Justice is what love looks like in public, says Dr. Cornel West. And we of EcoFaith started organizing a year ago around the Portland Clean Energy Initiative (PCEI), knowing if the coalition we were joining could pass it, it would be an expression of God’s love. PCEI could stem the rising tide of oppression in our culture and move us toward justice – racial, economic and environmental justice.
So, love came to town like a prodigal son on Election Night, November 6th, when our coalition learned PCEI had passed. The beaming faces, the bear hugs, the dancing! One person sobbed with joy for a full minute on the chest of another. The firm defeat of anti-immigrant Measure 105 triggered more jubilation.
Faces of all colors and ages were lit up that night with the arrival of love, the promise of a degree of justice. The PCEI coalition has been called the green-black-brown coalition; it’s the first of its kind in Oregon, and rarely found at all in the U.S. We’ve glimpsed the beloved community, and we regathered that community together November 13th when EcoFaith hosted a celebration at Augustana Lutheran. Our fellow activists were Buddhist, Catholic, Jewish, Protestant, Asian, African-American, white, brown. My heart sang with joy, and so did my mouth, in harmony with my folk band, Porch Revival.
This post brings closure to my and Scott Shurtleff’s role as Co-Chairs of EcoFaith’s involvement with PCEI, and to our blog of 7 ½ months on this topic. There’s no closure, though, on our relationships or our greater mission (keep reading).
Scott and I — maybe all of us — pushed beyond our comfort zones for PCEI. The seven practices served us well in navigating on through. I cried broken-heartedly after my first dismal attempts at signature-gathering, to later rally and do it with confidence. Scott overcame his aversion to canvassing by using Christ’s teaching in Matthew to then embrace canvassing. Solveig stepped out bravely with two other pastors to publicly challenge the Portland Business Alliance to stop opposing the PCEI (see attached letter they presented, signed by many faith leaders). In that spirit of nonviolent action, I wrote about the call to not just worship but follow Christ, as in working for change, and how movements like PCEI can bend the arc of the moral universe, as Dr. King and the civil rights movement did.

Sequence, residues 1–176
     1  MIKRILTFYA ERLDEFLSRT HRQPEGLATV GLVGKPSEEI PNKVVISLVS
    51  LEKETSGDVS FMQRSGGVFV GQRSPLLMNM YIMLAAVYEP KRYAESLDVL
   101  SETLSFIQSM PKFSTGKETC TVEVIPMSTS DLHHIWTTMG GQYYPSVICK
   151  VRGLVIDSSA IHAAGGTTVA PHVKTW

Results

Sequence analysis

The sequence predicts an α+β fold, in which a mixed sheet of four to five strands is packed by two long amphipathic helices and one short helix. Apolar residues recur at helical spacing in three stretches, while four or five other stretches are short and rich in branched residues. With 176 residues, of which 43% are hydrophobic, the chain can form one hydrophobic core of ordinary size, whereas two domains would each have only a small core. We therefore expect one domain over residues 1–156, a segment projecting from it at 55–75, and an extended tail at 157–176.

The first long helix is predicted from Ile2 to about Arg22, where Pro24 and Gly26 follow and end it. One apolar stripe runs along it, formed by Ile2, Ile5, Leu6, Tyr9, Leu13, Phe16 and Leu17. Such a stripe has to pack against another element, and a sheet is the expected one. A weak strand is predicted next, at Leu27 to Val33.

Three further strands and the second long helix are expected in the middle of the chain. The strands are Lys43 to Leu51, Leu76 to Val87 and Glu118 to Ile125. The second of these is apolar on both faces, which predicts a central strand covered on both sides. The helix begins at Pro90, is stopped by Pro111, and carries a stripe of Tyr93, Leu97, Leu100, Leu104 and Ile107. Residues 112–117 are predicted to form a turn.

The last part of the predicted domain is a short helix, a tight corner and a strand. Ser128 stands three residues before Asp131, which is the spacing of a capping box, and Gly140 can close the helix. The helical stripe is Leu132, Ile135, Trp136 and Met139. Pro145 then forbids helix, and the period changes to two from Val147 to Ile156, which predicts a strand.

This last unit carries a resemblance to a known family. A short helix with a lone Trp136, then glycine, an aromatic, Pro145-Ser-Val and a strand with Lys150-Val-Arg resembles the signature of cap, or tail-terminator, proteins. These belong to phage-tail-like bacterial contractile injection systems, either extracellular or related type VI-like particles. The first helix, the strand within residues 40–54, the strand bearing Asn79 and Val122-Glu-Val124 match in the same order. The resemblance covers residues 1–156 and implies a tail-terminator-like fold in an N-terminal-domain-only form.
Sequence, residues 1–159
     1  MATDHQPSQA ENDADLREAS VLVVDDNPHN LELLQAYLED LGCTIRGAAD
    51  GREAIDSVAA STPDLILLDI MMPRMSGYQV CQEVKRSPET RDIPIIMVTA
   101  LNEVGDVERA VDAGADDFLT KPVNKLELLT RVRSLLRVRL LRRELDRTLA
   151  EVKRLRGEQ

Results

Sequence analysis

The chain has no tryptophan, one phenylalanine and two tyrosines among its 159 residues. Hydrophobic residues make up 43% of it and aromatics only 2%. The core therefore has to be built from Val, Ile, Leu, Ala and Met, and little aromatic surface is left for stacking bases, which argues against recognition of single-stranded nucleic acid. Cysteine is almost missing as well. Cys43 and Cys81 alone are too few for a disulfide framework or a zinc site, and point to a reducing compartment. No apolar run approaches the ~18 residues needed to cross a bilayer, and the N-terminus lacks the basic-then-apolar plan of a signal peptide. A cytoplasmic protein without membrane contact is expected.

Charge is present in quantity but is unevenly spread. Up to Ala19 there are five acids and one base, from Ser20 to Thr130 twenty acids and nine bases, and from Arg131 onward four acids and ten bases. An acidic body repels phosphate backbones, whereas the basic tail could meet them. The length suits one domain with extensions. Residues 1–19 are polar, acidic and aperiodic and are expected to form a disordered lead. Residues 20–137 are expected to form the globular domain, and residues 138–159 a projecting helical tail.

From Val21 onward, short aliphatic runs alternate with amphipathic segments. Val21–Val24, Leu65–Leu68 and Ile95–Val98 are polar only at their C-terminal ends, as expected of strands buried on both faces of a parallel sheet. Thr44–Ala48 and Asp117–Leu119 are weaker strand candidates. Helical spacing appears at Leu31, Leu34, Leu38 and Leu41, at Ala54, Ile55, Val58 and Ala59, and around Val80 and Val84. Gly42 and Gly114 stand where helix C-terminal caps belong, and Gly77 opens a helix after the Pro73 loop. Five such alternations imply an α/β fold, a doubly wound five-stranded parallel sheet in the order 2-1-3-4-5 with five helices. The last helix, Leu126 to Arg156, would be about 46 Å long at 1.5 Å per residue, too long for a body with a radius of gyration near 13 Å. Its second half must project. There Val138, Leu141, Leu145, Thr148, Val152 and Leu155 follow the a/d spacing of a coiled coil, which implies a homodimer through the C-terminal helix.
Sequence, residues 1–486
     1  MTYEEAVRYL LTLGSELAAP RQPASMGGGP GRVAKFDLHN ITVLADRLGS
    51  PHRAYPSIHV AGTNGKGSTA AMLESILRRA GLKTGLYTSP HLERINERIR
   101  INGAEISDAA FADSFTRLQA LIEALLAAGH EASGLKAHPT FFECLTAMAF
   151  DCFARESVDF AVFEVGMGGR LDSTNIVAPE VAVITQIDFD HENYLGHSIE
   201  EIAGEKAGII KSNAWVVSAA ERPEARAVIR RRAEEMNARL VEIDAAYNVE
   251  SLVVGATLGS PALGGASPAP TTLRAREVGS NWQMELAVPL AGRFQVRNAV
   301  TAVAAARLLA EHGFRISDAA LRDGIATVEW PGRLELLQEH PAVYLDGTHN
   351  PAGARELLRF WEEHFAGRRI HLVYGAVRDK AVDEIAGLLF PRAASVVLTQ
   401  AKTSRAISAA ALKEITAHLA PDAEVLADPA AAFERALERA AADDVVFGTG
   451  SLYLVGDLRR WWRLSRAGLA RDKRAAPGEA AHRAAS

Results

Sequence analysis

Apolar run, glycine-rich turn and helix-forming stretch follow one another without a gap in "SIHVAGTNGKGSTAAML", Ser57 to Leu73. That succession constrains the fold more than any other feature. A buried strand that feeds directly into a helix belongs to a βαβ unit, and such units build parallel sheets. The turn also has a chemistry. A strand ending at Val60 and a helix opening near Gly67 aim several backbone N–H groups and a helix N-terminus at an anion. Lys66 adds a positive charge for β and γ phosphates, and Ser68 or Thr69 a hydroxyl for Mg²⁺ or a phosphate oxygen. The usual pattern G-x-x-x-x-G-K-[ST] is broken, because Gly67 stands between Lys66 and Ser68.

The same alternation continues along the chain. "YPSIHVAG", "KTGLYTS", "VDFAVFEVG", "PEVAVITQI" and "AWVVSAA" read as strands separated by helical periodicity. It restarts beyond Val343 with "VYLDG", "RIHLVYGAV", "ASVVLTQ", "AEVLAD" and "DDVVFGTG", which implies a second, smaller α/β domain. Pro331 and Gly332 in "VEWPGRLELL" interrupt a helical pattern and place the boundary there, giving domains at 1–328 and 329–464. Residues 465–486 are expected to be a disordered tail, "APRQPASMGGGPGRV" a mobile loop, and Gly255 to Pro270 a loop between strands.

Prior to PCEI, very few people knew who EcoFaith was, or what we stood for. In the unchurched Pacific Northwest, it can be tough for religious people to gain the trust of progressive secular people. Organized religion does have much to atone for. Years ago, a Portland climate group even seriously questioned whether they’d let a faith leader speak at a climate event.
In the past year, we’ve transformed that dynamic, working side by side with 350PDX, NAACP, Sierra Club, Verde, Democratic Socialists of America, Audubon, OPAL Environmental Justice, APANO, Physicians for Social Responsibility, Coalition for Communities of Color, Climate Jobs and more. By rolling up our sleeves, we’ve shown that we of EcoFaith want what our brothers and sisters want: a just, verdant world that’s free of oppression.
We’ve got closure on the PCEI campaign, and closure is lovely. But as noted at our November 13th celebration, there’s work ahead of us. Effectively using the $30 million annually that PCEI will generate means building relationships (Practice 2) and projects (home weatherization, for one example) with low-income communities. This last thought is not related to PCEI, but to activism in general: I personally feel called toward direct actions with committed others, including civil disobedience, in the face of a federal government hell-bent on oppressing the vulnerable and destroying our shared climate. I would love to find other people feeling such a call.
Justice is the public face of love. And with the passage of PCEI, love has come to town, like the prodigal son. EcoFaith can help keep love in town, and foster justice, by continuing to work with our fellows to bring in the reign of God and the beloved community.
warmth, faith, thanks,